Thursday, December 12, 2013
From childhood friends to my blog sisters on Poe’s Deadly Daughters, I have always been rich in women friends. The other night I dreamed about my first playmate, who lived on my block. Her dad was in the pickle business, and it was from her that I first heard the word “deli.” They had the first TV on the block, probably around 1950. I went to her house to watch “Captain Video,” “Mama,” and “Topper.”
My junior high girlfriends, buddies since age eleven (some continuously, others rediscovered) are all celebrating our seventieth birthdays this year and finding sharing them both delightful and ludicrous. I still have friends from high school and college, too. Some of my contemporaries, mostly those who worked at a single career for thirty or forty years, are retired and doing a lot of traveling. Others are still trying new ventures or achieving belated success. Although three of the six of us from junior high still live in Queens, where we grew up, I’m in touch with women all over the world. For decades I’ve sent newsy holiday letters (some sneer at them, but do those folks still have forty and fifty-year-old friendships?) to Australia and Africa, to Tunisia and Israel and Canada, to the UK and France and Germany and the Netherlands, as well as to numerous American states. Not all of them write back, but when they’ve come to New York or I’ve visited, it’s usually as if no time has passed. And thanks to email and Facebook, it’s now gotten a lot easier to keep in touch.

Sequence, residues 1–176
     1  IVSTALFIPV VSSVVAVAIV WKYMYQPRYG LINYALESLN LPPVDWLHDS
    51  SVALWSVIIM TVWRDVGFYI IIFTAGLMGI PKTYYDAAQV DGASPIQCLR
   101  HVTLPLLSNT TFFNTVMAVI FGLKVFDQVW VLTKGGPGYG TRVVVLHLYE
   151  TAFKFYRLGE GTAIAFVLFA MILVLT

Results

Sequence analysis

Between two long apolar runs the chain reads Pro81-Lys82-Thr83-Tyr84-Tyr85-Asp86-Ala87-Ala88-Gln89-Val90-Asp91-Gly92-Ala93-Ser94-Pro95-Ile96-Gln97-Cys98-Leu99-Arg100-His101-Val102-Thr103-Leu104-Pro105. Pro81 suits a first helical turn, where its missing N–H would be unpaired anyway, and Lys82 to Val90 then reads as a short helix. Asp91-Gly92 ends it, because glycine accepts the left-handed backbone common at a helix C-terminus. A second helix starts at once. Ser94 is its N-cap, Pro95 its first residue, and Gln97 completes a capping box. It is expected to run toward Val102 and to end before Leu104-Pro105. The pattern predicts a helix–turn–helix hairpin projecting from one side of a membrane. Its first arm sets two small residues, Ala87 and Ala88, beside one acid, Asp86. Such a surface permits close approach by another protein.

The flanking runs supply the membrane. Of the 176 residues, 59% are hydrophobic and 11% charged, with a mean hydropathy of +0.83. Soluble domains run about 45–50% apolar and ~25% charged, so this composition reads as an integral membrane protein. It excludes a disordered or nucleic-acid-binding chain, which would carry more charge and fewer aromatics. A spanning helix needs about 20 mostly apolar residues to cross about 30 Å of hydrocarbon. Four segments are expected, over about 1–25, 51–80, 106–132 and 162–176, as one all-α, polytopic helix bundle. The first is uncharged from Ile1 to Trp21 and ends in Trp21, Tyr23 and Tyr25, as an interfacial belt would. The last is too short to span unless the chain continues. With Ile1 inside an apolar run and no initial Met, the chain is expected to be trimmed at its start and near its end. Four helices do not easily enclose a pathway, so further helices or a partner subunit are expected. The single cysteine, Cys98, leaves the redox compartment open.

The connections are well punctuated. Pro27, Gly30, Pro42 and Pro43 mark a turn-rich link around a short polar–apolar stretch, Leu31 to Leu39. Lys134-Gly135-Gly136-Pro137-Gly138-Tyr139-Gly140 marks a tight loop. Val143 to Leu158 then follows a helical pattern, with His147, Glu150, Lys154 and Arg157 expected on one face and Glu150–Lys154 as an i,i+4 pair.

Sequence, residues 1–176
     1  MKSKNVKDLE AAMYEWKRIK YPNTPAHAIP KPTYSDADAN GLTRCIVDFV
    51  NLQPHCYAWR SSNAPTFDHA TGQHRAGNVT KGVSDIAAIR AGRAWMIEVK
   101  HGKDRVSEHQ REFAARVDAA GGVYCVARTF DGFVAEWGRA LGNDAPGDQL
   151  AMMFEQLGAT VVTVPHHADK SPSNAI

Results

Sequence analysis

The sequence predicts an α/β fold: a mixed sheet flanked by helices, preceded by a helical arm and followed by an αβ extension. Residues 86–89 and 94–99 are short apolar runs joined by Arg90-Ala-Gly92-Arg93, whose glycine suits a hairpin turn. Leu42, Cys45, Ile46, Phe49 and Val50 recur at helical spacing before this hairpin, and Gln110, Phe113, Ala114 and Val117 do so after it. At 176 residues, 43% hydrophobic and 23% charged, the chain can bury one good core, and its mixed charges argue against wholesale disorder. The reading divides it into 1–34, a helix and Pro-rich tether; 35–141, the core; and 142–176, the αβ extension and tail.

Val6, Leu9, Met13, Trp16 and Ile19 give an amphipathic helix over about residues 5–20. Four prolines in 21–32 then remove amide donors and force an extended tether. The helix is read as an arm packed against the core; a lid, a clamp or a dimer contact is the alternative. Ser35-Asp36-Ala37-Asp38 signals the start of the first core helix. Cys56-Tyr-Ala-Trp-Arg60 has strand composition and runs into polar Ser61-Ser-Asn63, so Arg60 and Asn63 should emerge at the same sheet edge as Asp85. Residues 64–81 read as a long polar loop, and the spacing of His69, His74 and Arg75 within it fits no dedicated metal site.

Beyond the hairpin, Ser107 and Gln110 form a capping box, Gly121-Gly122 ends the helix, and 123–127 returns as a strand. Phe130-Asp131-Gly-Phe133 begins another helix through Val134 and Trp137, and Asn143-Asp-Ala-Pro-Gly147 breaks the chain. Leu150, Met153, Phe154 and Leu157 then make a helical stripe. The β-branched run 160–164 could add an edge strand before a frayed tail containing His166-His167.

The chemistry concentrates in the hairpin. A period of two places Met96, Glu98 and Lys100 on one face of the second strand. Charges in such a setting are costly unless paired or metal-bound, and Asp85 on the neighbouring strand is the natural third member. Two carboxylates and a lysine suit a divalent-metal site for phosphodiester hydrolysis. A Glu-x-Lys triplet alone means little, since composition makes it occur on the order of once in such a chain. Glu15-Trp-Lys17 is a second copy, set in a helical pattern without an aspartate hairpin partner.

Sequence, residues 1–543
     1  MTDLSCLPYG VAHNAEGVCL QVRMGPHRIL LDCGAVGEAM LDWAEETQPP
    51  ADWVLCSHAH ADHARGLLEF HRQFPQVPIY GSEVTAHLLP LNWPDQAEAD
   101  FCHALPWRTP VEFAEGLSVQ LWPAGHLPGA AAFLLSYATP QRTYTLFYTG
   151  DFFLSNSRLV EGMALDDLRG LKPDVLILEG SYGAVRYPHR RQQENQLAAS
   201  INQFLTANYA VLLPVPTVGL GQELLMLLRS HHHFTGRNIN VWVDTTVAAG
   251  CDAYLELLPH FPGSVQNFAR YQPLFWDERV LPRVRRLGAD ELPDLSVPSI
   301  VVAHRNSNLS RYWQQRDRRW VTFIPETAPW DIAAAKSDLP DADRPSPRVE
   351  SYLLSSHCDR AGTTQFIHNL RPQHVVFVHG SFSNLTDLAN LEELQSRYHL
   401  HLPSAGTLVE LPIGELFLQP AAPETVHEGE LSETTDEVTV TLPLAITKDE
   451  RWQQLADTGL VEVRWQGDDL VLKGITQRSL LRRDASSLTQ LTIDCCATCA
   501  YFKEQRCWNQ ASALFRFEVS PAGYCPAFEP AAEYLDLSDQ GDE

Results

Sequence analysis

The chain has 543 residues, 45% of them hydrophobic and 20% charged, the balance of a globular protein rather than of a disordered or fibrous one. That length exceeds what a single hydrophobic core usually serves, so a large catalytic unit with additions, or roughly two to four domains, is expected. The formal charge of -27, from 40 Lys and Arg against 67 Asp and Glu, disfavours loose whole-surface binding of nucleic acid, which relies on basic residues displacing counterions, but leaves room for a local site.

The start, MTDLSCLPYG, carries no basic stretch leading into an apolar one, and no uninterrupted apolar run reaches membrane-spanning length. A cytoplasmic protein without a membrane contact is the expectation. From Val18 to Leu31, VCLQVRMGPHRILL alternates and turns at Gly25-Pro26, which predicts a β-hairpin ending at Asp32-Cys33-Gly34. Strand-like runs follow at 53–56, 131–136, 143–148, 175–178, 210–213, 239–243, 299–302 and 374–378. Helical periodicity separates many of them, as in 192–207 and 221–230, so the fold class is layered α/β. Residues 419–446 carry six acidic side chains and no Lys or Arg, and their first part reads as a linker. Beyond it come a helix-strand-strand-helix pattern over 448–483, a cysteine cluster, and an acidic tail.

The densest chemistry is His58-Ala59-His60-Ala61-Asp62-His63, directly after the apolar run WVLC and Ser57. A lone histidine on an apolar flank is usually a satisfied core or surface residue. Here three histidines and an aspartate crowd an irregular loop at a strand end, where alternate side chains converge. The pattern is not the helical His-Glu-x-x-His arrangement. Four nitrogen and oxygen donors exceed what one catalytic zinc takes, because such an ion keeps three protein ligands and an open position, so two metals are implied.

I remember exactly when women’s conversation came out of the kitchen (no, I don’t mean “the closet”). For me, it was in 1967, a few years before the women’s movement woke everybody up about how men always dominated a group and it didn’t have to be that way. My male cousin took me to a party at another guy’s apartment to see the slides (those were photos back then, Virginia) they and two “girls,” their dates, had taken on a trip to the Bahamas in my cousin’s plane. I remember exclaiming with some hilarity that while I hadn’t met a man (why else did one go to parties?), I’d connected with some wonderful women. As it happens, the guy who gave the party later became my first husband. We’re long divorced, though we have grandkids in common and get along okay. And I’m still friends with one of the women I met that night.
I’m still meeting wonderful women in every area of my life, including mystery writing. The relationships that click usually have an online component, whether or not we also get together with them in person (or “have facetime with” them, as my tech-savvy Gen X son put it the other day). I’ve also had my share of losses. One dear friend, a gifted singer and musician, who died of leukemia fifteen years ago, is someone I still miss and think about all the time. I also remember a brilliant young Frenchwoman who died before she was thirty. I’m still close to her daughter, who has just moved from Nairobi to the US, and her brilliant, gorgeous granddaughter (half African, one-fourth Tunisian, and one-fourth French) came to stay with us two summers ago.
When we started Poe’s Deadly Daughters almost seven years ago, I was thrilled to be able to say I have blog sisters, and we have certainly supported each other through the ups and downs of our careers. We’re geographically diverse: me in New York, Sandy in the DC area, Sheila in New England, Julia near Chicago, Jeri in California, and Sharon in Canada. I’ve met Sandy, Sheila, and Jeri at Malice Domestic and other mystery venues over the years. But it’s hard to believe that I’ve never met Sharon and Julia face to face. When it comes to my women friends, it’s not the medium but the strong sense of connection that matters.